Read about polychaete worms from the Australian Museum.

From Smithsonian Marine Station at Fort Pierce: Read about and see photographs of a mudflat worm.

Read about worms on the Great Barrier Reef.

See a photo of worm mass spawning.

Read about polychaete worms from the Australian Museum.

Read about and see photographs of a mudflat worm.

 

THE TREE OF LIFE

Check out our new Tree of Life illustration that shows how all living things are related.

Over 150 years ago, Darwin chose the tree of life as a metaphor for one of the most powerful ideas in biology: the relatedness of all living things. The power of that idea can be seen today in the ubiquity of evolutionary trees (also called phylogenetic trees) in all biological disciplines, from studies of newly discovered species to cutting-edge cancer research. To understand modern biology, we all need to understand how evolutionary trees can be read and used.

The Tree Room provides a wide variety of tools for teaching and learning about evolutionary trees in both classrooms and informal science education settings.

 

FEATURED CREATURE

The Green Bomber Worm

Earthworms

 

DEEP SEA

About the discovery of new species of bone worms by the Monterey Bay Aquarium Research Institute (MBARI): A Motley Collection of Boneworms.

Watch videos and read about deep-sea polychaete worms from the Monterey Bay Aquarium Research Institute.

Electron microscope photo of a bristle worm.

 

ROLE IN ECOSYSTEMS

When lugworms dig their burrows, they cause a lot of bioturbation. From A Snail Odyssey website: Learn About Lugworms and Relatives.

Bioturbation is the disturbance of soil or sediment by living things. Eating and excreting sediment, as earthworms do, causes biorturbation. The worms are providing a service to the ecosystem by loosing sediment and helping with the penetration of air and water - some call it ecosystem engineering. Reading from Science Direct: Bioturbation: a Fresh Look at Darwin’s Last Idea. Also, find a free downloadable poster at Nereis Park Education network. You must first read and agree to their terms before downloading.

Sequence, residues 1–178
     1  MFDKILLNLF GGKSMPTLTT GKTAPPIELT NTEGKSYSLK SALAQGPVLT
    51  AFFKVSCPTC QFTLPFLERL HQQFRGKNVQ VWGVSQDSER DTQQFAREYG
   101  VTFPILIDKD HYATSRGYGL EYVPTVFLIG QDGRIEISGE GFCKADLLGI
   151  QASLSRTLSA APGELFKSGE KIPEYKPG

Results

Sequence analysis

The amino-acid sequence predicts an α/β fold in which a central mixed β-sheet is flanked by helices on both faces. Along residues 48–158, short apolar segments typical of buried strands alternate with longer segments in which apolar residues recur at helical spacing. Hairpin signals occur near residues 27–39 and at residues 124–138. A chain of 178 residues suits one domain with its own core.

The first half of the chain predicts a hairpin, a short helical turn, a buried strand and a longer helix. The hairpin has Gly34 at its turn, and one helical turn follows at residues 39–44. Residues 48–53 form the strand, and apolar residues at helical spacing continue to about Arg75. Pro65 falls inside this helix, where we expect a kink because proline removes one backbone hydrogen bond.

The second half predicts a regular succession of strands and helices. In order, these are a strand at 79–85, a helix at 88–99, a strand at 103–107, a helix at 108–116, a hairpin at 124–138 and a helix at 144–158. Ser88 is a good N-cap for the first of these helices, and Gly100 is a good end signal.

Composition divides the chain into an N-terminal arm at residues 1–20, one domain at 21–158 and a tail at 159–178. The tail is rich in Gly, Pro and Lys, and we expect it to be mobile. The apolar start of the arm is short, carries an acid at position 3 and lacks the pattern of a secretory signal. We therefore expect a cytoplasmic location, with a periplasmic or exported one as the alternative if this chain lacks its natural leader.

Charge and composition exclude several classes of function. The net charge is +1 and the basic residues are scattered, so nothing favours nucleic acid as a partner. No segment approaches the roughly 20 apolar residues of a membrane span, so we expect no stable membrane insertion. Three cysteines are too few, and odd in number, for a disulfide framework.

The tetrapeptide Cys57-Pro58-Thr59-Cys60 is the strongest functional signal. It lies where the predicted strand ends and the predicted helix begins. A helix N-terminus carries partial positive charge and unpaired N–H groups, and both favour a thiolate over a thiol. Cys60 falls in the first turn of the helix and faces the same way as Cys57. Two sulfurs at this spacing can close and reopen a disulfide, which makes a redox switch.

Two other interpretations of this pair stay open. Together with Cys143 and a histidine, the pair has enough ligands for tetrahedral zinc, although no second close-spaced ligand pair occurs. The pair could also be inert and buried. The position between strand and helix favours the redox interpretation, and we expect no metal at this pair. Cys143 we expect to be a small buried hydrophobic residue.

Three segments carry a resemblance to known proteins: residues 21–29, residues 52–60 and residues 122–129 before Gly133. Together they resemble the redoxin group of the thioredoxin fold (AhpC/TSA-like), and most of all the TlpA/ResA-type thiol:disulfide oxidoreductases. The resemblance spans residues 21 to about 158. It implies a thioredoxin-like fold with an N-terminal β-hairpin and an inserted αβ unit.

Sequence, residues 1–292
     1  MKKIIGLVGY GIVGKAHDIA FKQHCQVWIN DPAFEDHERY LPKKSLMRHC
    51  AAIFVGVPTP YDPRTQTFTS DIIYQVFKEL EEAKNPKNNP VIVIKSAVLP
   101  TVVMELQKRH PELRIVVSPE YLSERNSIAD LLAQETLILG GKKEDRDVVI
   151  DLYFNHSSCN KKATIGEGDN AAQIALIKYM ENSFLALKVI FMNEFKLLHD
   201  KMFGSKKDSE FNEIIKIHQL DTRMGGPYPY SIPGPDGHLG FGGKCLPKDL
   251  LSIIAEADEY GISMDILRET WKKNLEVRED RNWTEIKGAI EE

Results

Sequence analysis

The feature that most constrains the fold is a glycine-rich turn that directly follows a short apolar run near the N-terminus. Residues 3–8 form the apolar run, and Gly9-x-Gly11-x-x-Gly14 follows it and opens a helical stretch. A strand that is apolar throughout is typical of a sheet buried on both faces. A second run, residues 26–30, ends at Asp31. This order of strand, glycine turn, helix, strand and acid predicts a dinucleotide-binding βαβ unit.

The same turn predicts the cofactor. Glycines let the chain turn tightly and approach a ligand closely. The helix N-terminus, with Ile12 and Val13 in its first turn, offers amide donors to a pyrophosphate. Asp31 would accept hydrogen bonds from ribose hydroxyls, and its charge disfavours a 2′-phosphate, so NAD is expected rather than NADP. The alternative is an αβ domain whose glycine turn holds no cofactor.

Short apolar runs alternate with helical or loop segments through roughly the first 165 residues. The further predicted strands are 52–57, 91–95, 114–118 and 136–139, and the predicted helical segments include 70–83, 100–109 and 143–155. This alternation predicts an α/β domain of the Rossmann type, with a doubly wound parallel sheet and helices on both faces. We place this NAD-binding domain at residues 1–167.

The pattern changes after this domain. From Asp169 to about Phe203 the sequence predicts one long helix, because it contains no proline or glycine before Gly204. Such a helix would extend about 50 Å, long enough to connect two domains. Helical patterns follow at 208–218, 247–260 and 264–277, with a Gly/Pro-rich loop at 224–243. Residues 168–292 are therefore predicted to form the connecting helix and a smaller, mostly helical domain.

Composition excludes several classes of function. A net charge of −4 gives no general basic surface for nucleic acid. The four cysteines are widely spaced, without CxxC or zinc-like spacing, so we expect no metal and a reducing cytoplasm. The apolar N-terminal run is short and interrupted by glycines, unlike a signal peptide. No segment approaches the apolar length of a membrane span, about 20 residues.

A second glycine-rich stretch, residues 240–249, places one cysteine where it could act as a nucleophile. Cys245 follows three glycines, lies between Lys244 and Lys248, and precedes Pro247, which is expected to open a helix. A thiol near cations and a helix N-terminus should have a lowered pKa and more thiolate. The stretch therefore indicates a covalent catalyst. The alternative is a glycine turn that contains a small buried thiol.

Earthworms are the masters of ecosystem engineering and benefit the ecosystems, and humans in many ways. Read Earthworms’ Role in the Ecosystem from Science Learning.

Not all earthworms are good for the soil in forests—it depends. The earthworms in most states north of Pennsylvania are invasive species brought by Europeans. They may be good for garden soil, but they’re not good for forests that evolved with other organisms that play the same role. Read more at Smithsonian Environmental Research Center: Earthworm Invaders.

Earthworms are generally good for gardens and agriculture because they “turn” the soil, let more air and water flow through the soil and leave behind organic matter. More at University of Illinois Extension: Can't Live Without Me.
 

HUMAN USE

Leeches have played a role in medicine for thousands of years. They fell out of favor, but are still used in some specialized surgery where blood flow is needed. Read more from Nature: Leech Therapy.


PHOTOS

DEEP SEA

photo of a TomopteridMany worms live in the midwater—between surface waters and the sea floor. Their bodies are mainly transparent with colorful tips or guts. Most have some kind of bioluminescence like Tomopterid worms that have a yellow bioluminescence. View more photos.
 

photo of a horseshoe wormFind photos of tubeworms: Florent's Guide To The Florida, Bahamas & Caribbean Reefs.

 

 

 

Images

Annelid body Download annelid-body.jpg (1.29 MB)
Entwined Seaearthworms drawing Download Searthworms-entwined.png (74.45 KB)
Single worm drawing Download single-worm.png (98.16 KB)